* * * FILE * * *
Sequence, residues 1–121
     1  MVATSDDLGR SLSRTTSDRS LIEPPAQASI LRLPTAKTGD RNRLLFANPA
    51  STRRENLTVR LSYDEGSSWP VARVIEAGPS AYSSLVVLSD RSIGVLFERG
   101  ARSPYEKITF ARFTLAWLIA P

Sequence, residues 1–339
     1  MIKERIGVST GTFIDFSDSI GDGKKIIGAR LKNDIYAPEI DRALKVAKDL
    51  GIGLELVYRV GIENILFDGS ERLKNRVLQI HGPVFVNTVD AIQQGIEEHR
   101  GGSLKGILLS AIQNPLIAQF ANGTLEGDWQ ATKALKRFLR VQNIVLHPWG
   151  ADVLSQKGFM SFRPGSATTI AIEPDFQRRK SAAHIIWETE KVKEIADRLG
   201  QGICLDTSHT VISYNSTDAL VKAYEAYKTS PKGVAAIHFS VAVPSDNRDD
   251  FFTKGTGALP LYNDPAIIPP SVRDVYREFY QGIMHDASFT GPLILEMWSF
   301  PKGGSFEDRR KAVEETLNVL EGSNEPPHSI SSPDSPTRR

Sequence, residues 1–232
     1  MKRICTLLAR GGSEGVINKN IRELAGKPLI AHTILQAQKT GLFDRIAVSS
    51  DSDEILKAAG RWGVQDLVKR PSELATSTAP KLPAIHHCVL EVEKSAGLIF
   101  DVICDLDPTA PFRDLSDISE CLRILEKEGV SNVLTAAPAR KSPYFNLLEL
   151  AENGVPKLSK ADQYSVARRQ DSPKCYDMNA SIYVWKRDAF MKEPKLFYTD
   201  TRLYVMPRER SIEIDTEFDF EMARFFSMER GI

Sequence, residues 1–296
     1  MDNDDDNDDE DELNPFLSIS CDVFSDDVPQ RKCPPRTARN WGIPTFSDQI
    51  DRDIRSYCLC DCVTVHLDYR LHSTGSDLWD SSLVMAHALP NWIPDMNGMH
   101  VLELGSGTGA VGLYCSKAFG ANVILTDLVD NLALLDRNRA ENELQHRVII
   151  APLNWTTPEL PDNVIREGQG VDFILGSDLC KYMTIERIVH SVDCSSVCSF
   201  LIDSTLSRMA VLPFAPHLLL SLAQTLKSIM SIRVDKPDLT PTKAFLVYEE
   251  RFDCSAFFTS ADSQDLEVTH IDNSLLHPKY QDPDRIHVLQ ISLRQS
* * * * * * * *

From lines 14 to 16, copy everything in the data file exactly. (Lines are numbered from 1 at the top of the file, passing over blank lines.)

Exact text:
     1  MKRICTLLAR GGSEGVINKN IRELAGKPLI AHTILQAQKT GLFDRIAVSS
    51  DSDEILKAAG RWGVQDLVKR PSELATSTAP KLPAIHHCVL EVEKSAGLIF
   101  DVICDLDPTA PFRDLSDISE CLRILEKEGV SNVLTAAPAR KSPYFNLLEL